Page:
Product Management in a Small Ukrainian Company
The role of product management in product development is often left out of attention compared to some other, more popular professions in the IT industry. Let us start with a short introduction on the topic in general, and then, we will share some experiences we have had with product management in our practice.
What Is Product Management
What makes a successful product is not just the technical side of things, or product design, or even the marketing plan as some may think. More often than not, a well thought out product vision and a product roadmap that travels along the line of product owner’s business goals will make or break your idea.
Product managers help to create a product vision and goals to ensure the success of your idea. An ideal product manager is someone who is up to date on all market trends, someone who knows their product really well and their competition even better. It is a person who operates on the basis of strong knowledge and confidence with a firm product vision and a strategy in place.
People who venture into this career come from different backgrounds. Most clients we work with are part-time managers, who’ve started out either as businessmen in their respective fields or as CTOs looking to enhance their team’s effectiveness through outsourcing. A good product manager starts by defining their business goals and product strategy with precision — they determine the “whats” rather than the “hows”, which often means they won’t be going into technical detail to the same extent.
Sometimes, a small company such as ours has to deal with product managers who spend their time developing a marketing strategy and raising funds. The best product managers we have met were the ones who put out a successful product and devoted their time solely to the product vision and to planning and double-checking a product’s life cycle.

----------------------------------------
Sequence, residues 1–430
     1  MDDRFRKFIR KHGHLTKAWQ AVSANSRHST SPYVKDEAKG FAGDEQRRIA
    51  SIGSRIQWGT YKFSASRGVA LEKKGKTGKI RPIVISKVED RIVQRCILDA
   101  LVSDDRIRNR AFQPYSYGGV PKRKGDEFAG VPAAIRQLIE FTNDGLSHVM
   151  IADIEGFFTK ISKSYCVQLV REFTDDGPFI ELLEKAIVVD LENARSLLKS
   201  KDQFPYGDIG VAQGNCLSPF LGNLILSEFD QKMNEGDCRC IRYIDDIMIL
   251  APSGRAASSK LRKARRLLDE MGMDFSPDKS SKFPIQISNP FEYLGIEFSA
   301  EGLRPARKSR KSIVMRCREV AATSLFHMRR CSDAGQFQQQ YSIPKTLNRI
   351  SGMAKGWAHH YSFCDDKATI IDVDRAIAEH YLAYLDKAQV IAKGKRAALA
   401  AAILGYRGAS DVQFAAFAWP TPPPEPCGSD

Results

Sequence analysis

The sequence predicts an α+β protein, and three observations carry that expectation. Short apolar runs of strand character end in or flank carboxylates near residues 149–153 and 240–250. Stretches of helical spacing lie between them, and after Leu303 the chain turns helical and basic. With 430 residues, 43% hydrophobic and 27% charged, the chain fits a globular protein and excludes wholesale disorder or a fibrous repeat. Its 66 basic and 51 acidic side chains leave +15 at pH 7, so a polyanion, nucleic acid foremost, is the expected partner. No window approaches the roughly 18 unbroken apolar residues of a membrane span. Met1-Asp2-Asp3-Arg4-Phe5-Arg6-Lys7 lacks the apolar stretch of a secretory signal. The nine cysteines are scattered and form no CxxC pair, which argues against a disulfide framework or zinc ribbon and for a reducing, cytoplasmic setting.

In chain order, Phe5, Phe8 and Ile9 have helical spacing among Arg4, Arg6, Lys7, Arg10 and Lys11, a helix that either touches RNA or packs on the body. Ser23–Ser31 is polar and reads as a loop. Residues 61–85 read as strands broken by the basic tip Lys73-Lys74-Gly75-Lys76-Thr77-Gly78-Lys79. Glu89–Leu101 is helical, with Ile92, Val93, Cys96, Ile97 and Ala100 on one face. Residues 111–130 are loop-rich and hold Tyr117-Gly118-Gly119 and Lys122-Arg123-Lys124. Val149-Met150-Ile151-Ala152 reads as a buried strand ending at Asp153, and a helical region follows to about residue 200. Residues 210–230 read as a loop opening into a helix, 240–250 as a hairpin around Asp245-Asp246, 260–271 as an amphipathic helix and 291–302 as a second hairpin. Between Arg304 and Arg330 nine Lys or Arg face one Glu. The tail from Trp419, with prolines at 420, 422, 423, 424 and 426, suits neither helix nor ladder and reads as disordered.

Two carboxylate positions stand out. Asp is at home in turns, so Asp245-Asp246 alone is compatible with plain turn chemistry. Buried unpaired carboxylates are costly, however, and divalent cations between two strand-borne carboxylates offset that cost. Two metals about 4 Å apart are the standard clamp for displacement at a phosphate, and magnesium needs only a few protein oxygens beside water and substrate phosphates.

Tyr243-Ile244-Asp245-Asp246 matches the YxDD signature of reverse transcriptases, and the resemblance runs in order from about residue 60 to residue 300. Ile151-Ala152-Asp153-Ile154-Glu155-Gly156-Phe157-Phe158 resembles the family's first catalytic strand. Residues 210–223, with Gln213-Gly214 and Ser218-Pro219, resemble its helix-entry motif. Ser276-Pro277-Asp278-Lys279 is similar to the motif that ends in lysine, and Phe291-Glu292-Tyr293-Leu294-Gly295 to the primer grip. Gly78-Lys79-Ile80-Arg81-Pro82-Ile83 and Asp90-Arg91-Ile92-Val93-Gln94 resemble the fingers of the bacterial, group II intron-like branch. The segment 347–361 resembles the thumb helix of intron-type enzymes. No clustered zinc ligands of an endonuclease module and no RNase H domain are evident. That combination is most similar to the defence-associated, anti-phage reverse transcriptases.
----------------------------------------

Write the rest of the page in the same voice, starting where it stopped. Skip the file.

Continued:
Below, I have compiled an overview of the three types of product managers I have had the pleasure to work with and some pros and cons of dealing with each of them.
- has a varying degree of coding experience
- may have owned an IT company of his own
- knows IT business well
- works alone
- doesn’t have any documentation or user story written down
The first thing “The Entrepreneur” does is sharing their product vision and telling you that “together you can make it big”. Yet, this approach to product management is lacking a clear plan of what the product is going to be exactly or in which order new features will be implemented. What “the Entrepreneur” does have is the urge to show something to their potential investors or product owners ASAP in order to get the budget for the next sprint of the product development. Their mantra is “once the investor buys in, we’ll create more projects together”. In reality, chances of an American investor letting his company outsource a project are slim to none, especially taking into account the recent legislative implementations. Nevertheless, “The Entrepreneur” is convinced that their product idea is going to make them a fortune.
Another thing they do not have is the passion for the product itself. What they call “flexible methodology” really means: “when I change my mind, you just follow the instructions, regardless of whether or not it’s technically expedient”. Later on, if you fail to adapt to the constant change of demands, which most likely you will, they will consider the product’s failure to be your fault. On top of that, you will get tired of constant setting and dismissing of estimates, negotiating rates, and determining what you should and what you shouldn’t bill for.